Friday, August 10, 2012

Silver Dollars: Ducktales at 25 - Part 2

My memories of watching Ducktales episodes continues with Premiere events/episodes/stuff:

There was a lot of merchandise with Ducktales characters in 1988, just a few months after the show premiered in 1987. McDonald's Happy Meal toys, jigsaw puzzles, coloring books, a tie-in magazine with a comic strip. Then there was Gladstone Comics, which published the Ducktales comic book, which premiered with adaptations of two episodes in it's first two issues: "Armstrong" and "Jungle Duck". I was slowly being schooled on the history of Carl Barks and Disney comics by following letter columns, editorials and profiles of other series offered by the company. (Yes, it was named after Gladstone Gander, but it was almost named after Gus Goose) ;) . I had mentioned in the comments for Part 1 that the first Disney comic I saw was an issue of Uncle Scrooge in a grocery store; I started visiting the shops because the grocery stores would stock comics at random - they would just receive a bundle of comics from the distributor, maybe two or three copies of each, and that was that. My mom had mentioned seeing comic shops in  Manhattan, so I asked if we could visit them. I have no reason to believe she regrets starting the hobby off - I just don't think she would like to say so out loud: she'll blame Dad or my Grandpa, instead. That's a whole other blog entry.

But then there were the videocassettes: Fearless Forutne Hunter, Daredevil Ducks, High Flying Hero, Masked Marauders, etc... Two episodes per tape, for the price of $14.95. This seems like a rip now, as well as the laserdisk offering (4 episodes for a few dollars more), compared to how you could get a boxed DVD set of over 20 for the same price. I remember Disney also had "Gold Editions" - about an hours' worth of the classic short cartoons, compiled accoring to a theme, Like Donald's Bee Pictures - those were almost $100.00 in some places! What was the appeal? ... You got a perfect recording. Even the current VCR/DVD recorder combo units tend to be very clumsy on the VCR end, with each pause and stop noticable on playback. Plus, you can never tell what the TV signal is going to be - even now with pop-up ads and emergency broadcast "tests". Pfft.

Pathmark Halloween Commercial: One Year later (1988), Pathmark aired a commercial featuring Scrooge, Webby and the nephews preparing to go Trick-or-Treating. The ad was for a special sheet of stickers available only at Pathmark Supermarkets/Drugstores featuring the characters, which could be used as an alternative to handing out candy. I'm certain most people thought the way I did: get the stickers, get the stickers, get the stickers ... and the kiddies can have the marked-down Fruitzee Rolls.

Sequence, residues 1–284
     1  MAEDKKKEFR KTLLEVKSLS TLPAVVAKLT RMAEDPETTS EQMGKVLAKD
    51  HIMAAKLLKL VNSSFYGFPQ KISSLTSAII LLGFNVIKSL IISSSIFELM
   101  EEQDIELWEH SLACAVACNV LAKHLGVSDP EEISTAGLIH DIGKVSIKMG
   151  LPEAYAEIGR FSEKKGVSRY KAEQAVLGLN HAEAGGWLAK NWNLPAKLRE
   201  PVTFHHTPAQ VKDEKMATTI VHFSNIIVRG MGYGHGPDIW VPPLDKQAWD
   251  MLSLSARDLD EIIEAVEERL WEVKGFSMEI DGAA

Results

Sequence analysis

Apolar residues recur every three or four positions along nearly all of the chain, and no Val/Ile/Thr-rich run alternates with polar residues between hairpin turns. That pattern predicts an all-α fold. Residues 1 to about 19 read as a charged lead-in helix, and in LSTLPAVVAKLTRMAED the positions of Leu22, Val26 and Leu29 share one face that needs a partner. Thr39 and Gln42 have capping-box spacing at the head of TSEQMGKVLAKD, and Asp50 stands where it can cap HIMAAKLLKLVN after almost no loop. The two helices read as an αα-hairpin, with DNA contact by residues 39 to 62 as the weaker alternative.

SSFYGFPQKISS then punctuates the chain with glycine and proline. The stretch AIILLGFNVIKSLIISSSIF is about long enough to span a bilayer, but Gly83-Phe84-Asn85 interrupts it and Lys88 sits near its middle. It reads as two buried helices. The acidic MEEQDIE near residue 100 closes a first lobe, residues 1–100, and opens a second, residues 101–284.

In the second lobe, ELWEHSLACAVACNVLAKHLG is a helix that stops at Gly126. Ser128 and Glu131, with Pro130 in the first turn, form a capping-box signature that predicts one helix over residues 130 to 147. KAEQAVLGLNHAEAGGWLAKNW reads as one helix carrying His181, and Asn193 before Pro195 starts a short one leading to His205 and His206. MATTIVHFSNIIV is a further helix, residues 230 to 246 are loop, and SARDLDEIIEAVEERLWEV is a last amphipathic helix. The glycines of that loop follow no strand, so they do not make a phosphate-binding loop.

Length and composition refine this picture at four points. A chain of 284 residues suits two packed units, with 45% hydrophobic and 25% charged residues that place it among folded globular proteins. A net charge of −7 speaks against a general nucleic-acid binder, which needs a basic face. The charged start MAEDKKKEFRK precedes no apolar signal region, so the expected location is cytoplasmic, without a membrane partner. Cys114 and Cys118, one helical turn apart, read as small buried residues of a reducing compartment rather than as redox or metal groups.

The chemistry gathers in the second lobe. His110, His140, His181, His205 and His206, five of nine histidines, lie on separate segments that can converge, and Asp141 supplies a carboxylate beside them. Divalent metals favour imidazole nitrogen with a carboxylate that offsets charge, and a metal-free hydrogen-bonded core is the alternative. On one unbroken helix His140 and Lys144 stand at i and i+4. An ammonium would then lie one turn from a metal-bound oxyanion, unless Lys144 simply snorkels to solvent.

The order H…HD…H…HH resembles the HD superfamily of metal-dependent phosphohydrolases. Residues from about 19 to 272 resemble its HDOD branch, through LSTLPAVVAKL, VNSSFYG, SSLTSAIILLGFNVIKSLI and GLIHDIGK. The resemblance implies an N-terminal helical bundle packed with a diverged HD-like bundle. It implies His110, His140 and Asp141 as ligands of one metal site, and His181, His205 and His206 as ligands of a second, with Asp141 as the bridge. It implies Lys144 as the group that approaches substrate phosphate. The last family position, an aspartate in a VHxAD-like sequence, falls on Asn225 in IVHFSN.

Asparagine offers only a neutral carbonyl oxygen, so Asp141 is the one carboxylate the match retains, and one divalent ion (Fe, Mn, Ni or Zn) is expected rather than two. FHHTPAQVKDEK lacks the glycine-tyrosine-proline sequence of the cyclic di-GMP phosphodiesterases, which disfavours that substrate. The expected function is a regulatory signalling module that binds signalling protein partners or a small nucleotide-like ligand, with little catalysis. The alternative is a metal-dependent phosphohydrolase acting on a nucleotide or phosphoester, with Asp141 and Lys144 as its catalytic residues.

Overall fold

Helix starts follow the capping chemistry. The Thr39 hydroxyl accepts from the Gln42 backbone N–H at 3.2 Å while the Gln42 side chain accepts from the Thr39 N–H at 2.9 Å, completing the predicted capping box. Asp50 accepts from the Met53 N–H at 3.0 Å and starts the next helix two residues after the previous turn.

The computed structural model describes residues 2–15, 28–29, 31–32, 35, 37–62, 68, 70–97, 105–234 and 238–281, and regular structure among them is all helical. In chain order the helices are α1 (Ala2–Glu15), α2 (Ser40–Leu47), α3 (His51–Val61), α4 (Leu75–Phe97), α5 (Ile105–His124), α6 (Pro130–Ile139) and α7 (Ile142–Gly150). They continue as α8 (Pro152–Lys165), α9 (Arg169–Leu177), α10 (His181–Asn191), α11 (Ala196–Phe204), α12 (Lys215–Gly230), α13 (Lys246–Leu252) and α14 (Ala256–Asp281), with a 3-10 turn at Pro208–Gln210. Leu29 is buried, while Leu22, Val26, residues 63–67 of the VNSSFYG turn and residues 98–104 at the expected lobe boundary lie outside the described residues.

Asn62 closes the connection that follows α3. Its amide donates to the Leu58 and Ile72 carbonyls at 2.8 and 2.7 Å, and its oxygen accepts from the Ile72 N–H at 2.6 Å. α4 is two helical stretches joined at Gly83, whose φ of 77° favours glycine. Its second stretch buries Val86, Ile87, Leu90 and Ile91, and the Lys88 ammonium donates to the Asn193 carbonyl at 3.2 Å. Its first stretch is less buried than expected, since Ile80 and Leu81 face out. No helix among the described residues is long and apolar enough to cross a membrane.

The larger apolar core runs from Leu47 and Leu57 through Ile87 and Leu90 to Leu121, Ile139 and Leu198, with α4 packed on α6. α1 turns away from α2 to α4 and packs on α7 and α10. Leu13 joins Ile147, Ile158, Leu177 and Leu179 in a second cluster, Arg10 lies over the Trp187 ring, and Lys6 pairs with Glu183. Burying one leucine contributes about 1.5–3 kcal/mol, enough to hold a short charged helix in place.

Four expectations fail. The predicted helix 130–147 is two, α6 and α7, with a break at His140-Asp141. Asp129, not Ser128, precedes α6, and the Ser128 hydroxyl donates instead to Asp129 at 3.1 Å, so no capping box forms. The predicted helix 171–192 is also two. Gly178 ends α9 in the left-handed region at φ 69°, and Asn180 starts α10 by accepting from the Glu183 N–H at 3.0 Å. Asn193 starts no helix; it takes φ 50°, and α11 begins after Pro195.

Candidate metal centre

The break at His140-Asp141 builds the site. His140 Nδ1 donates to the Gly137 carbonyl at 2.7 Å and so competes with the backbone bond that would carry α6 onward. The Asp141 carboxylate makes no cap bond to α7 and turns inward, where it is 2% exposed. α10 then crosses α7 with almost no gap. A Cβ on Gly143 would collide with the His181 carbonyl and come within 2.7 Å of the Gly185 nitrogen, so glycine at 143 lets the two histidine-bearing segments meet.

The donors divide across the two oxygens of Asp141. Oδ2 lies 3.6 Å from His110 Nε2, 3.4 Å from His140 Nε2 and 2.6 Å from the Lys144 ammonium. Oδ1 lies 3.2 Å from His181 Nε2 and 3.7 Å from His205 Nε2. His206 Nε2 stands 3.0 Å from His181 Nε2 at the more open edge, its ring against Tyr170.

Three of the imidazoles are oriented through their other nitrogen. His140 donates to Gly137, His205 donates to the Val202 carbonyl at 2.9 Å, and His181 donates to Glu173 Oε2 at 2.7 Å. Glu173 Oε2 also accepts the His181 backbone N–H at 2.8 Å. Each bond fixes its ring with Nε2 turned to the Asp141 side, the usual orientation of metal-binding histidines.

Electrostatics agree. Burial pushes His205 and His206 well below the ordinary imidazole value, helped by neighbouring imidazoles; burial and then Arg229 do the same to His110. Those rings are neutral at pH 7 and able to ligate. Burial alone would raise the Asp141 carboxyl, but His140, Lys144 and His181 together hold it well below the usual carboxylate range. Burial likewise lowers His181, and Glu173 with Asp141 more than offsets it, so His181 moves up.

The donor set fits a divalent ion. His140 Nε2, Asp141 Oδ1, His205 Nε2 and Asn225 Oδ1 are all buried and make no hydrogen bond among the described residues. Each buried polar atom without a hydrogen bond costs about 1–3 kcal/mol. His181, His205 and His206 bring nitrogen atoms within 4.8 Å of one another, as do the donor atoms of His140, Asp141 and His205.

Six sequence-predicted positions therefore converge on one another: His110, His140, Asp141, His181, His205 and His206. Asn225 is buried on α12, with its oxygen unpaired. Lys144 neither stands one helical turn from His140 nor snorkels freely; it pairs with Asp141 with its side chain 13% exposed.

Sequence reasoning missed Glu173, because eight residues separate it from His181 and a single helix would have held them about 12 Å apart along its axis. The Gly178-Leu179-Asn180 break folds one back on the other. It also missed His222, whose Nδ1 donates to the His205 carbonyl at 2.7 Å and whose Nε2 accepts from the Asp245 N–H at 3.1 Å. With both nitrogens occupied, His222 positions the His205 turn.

The stickers were interesting: Scrooge, Launchpad, Webby, the nephews, the Ducktales title logo...and introducing...Bubba the cave duck. This was the first time I saw him anywhere - when Ducktales magazine announced that he would appear as a new character, they did not include a picture of him. This sheet of stickers was it - it may be the only merchandise with him at all! His first appearance on TV was months later, too. Because the sticker had him standing alone, I had imagined he might be one of the tall brutish cave ducks that appeared in the "Dinosaur Ducks" episode - like it would be a sequel to that.

Time is Money (1988): A new 2 hour movie! This was great, but I don't remember it being promoted well. This was probably when I got into the habit of reading TV Guide. Fall Previews of new Saturday Morning Shows (Remember Saturday Morning programming?), listings of new schedules and occasional adverts for new Ducktales episodes (I had seen a half-page ad taken to promote "The Golden Fleecing" when it aired on a Monday afternoon, so that might have been what inspired this). Anyway, the point is, I found out about this just days before it aired, so I erased a tape of Daffy Duck cartoons. For many years, my recording of "Time is Money" was on a tape with the crude "Daffy Duck" scrawled on it.
So what did I think? I was surprised to see that Bubba was portrayed more like an adopted son of Scrooge's than a new pal for the gang. Scrooge's behavior was odd (although it's more in-character than we're used to seeing on the show) more like it was for the 1st 1/4 of  "Treasure of The Golden Suns" - only there it took about 15 minutes to change - here it took 2/3 of the movie! The best parts were the odd stuff - the laser pen, the bombastion pops, the shopping cart chase (which the crew must have liked, because the print ads for the new episodes had Scrooge perform a rescue riding a shopping cart with a helicopter blade attached  to it), the teleconference calls via computer (those old Apple2s could do so much more than an iPad in those days, couldn't they?) and the weird "I've got fish in my pockets" exchange, which made no sense to me when I first saw it - why bother with the banks in town when he has a wall safe at home (and THAT was a deleted scene which aired in the reruns of the film)?